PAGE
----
## What are Boundary Conditions?

Differential equations have many solutions and it’s usually impossible to find them all. To narrow down the set of answers from a family of functions to a particular solution, conditions are set. These conditions can be initial conditions (which define a starting point at the extreme of an interval) or **boundary conditions **(which define bounds that constrain the whole solution). Different types of boundary conditions can be imposed on the boundary of a domain.

One way to think of the difference between the two is that initial conditions deal with time, while boundary conditions deal with space. Boundaries can describe all manner of shapes: e.g. triangles, circles, polygons.

## Types of Boundary Conditions

The **five types of boundary conditions** are:

- Dirichlet (also called Type I),
- Neumann (also called Type II, Flux, or Natural),
- Robin (also called Type III),
- Mixed,
- Cauchy.

Dirichlet and Neumann are the most common.

**Dirichlet**: Specifies the function’s value on the boundary. For example, you could specify Dirichlet boundary conditions for the interval domain [a, b], giving the unknown at the endpoints a and b. For two dimensions, the boundary conditions stretch along an entire curve; for three dimensions, they must cover a surface. This type of problem is called a*Dirichlet Boundary Value Problem.*.**Neumann**: Similar to the Dirichlet, except the boundary condition specifies the derivative of the unknown function. For example, we could specify u′(a) = α which imposes a Neumann boundary condition at the right endpoint of the interval domain [a, b].**Robin**: A weighted combination of the function’s value and its derivative. For example, for unknown u(x) on the interval domain [a, b] we could specify the Robin condition u(a) −2u′(a) = 0.**Mixed**: Similar to the Robin, except that parts of the boundary are specified by different conditions. For example, on the interval [a, b], the unknown u′(x) at x = a could be specified by a Neumann condition and the unkownn u(x) at x = b could be specified by a Dirichlet condition. [1]**Cauchy**: Similar to the Robin, except that while the Robin condition implies only one constraint, the Cauchy condition implies two.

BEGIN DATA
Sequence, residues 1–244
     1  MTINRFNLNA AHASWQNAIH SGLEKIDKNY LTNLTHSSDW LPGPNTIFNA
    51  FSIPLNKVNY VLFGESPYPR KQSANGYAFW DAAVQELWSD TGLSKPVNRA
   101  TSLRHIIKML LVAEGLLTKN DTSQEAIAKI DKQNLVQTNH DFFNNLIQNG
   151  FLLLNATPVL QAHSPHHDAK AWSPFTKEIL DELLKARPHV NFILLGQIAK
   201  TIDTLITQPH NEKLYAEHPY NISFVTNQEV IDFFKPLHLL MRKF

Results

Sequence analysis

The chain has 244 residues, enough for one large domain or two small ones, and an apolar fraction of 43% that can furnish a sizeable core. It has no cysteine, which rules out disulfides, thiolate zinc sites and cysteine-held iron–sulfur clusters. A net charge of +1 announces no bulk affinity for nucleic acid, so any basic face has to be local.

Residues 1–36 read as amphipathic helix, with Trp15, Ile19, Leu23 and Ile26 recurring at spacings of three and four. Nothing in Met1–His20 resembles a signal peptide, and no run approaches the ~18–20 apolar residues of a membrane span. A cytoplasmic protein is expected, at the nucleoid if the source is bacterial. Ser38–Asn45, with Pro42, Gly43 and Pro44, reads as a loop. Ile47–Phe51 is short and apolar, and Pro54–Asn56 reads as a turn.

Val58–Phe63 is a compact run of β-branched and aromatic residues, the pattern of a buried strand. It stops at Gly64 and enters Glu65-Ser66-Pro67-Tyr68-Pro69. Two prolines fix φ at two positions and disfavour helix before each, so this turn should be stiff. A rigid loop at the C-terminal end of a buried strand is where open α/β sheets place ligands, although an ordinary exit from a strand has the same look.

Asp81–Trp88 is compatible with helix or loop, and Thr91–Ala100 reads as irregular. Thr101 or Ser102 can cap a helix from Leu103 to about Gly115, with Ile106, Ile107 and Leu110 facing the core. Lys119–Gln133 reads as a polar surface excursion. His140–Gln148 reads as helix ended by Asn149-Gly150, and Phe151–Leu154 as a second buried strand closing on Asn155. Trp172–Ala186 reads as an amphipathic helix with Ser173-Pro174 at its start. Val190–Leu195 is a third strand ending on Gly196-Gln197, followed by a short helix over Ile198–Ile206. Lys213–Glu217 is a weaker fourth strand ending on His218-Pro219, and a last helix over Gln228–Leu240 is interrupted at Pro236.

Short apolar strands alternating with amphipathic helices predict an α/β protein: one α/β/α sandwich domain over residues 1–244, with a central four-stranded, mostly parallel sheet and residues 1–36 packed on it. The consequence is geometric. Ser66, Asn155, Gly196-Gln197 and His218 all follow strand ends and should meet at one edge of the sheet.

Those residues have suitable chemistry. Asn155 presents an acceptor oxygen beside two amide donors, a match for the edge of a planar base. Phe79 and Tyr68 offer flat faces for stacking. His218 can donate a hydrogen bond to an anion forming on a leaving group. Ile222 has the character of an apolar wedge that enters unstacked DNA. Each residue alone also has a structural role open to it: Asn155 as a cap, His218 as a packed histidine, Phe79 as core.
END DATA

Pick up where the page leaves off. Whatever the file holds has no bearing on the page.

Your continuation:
**Homogeneous boundary conditions** are set to zero; Otherwise they are called *inhomogeneous*.

## Examples

When solving a differential equation, the values for the conditions depend on the problem you’re trying to solve.

As an example, let’s say you wanted to find the equation for a straight line on a curve-length function between two points (a, A) and (b, B). The function could be set up as with the points as boundary conditions [2]:

Where y′ = a constant.

Watch the following video from MIT courseware that overviews boundary conditions and shows two more examples:

## References

[1] Introduction to Boundary Value Problems. Retrieved March 20, 2021 from: https://people.sc.fsu.edu/~jpeterson/bvp_notes.pdf

[2] Open University. Introduction to the calculus of variations.